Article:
The past several months I have been focusing on emerging products and services that may be introduced in your gated or planned community, to include new types of vehicles and charging systems. This article brings together these trends in something of a vision of what lies ahead. In addition, there are interesting infrastructure developments that could well affect not only running your electric-powered golf car, but your air-conditioner as well.
EVBox scores big in California
If you have been reading my column, you may recall that EVBox, a company based in the Netherlands, is a supplier of Level 2 charging systems, both for public, or distributed access, and individual, residential units. The former is installed as part of their BusinessLine system and the latter, their Elvi unit. BusinessLine installations connect directly to the grid, while the Elvi connects to your home circuit panel.
In May of this year, Pacific Gas & Electric Company, serving principally northern and central California, contracted with EVBox to install 2,560 charging systems in their service area. PG&E dubbed their program, the EV Charge Network, and it is aimed at workplaces and multi-unit dwellings. Through the program, PG&E will pay for and build the infrastructure for customers from the electric grid to the charger.
Customers have two options: they can be an EV Charge Owner or an EV Charge Sponsor. For EV Charge Owner projects, customers will own, install and maintain the charging station and receive a rebate for part of the cost. For EV Charge Sponsor projects, PG&E will own, install and maintain the charging station, and customers will pay a participation fee.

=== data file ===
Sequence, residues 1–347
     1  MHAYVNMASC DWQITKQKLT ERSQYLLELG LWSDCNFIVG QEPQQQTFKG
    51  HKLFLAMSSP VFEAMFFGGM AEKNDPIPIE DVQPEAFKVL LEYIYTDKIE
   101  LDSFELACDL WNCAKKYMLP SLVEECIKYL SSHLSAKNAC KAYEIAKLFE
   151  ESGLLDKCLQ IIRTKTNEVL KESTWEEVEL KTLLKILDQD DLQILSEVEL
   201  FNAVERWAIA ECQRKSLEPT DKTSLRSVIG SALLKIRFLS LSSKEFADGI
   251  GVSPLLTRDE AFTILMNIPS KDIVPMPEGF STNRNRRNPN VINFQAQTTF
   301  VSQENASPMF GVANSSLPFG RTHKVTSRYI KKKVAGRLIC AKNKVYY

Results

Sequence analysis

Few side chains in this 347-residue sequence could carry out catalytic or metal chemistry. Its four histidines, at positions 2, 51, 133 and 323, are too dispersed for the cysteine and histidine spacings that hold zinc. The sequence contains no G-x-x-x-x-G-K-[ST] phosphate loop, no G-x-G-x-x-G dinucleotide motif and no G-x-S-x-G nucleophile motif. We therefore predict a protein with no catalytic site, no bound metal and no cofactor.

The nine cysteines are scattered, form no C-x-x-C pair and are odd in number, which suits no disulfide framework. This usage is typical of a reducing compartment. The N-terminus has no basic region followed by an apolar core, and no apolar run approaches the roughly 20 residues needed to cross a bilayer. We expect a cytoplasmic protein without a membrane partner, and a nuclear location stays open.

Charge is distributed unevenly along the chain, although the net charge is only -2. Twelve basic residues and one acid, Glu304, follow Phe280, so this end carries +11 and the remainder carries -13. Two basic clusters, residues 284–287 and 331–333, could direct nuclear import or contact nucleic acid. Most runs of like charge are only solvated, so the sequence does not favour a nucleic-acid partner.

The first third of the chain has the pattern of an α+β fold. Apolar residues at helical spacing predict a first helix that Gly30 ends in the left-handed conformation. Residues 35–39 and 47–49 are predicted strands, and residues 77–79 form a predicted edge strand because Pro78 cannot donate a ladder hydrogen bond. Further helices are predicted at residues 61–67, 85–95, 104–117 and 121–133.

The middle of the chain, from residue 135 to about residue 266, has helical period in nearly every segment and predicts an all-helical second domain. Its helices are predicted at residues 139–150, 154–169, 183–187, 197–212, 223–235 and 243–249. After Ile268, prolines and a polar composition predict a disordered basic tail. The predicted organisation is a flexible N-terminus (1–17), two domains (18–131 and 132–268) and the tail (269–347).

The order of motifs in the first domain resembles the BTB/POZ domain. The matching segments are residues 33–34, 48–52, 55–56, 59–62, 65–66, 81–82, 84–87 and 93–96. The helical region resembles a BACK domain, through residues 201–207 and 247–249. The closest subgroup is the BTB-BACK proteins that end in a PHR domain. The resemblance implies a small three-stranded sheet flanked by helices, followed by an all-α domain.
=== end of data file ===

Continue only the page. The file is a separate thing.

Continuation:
The State’s other large investor-owned utilities, San Diego Gas & Electric (SDG&E) and Southern California Edison (SCE), also have partnership programs to install EV infrastructure.
Charging systems are scalable and can diversify your personal transportation system
One thing of critical importance to note is that while California’s major utilities are participating in a state-wide legislative program to provide a charging infrastructure to support 5 million zero emissions vehicles by 2030, it does not take a huge, State-planned system with its various regulatory levels and segments to bring Level 2 charging to your community.
EVBox and other companies have the capacity, as previously noted, to install Level 2 systems on a community-wide or individual residence basis. Thus, if the supervisory board of your gated or planned community wishes, it could invest in a system which collectively serves residents. Alternatively, individual homeowners could install their own systems. Naturally, a key consideration is cost, and another is convenience. access systems probably work better in multi-unit residences and communities that are fully integrated with respect to shopping, recreation, and other amenities.
Another important aspect of Level 2 charging is its ability to charge not only your roundabout golf car, but your out-of-community, that is, your on-road electric vehicle, as well. The majority of gated community residents have two vehicles, the golf car and a conventional vehicle. With the plethora of new electric, on-road models coming on the market and more robust charging systems coming to the fore, the prospect of a one-stop “fill-up” for both vehicles, as well as opportunity charging for both in public access locations, a more diversified and convenient personal utility model is at hand in some places and certainly likely to spread as a general trend in the not-too-distant future.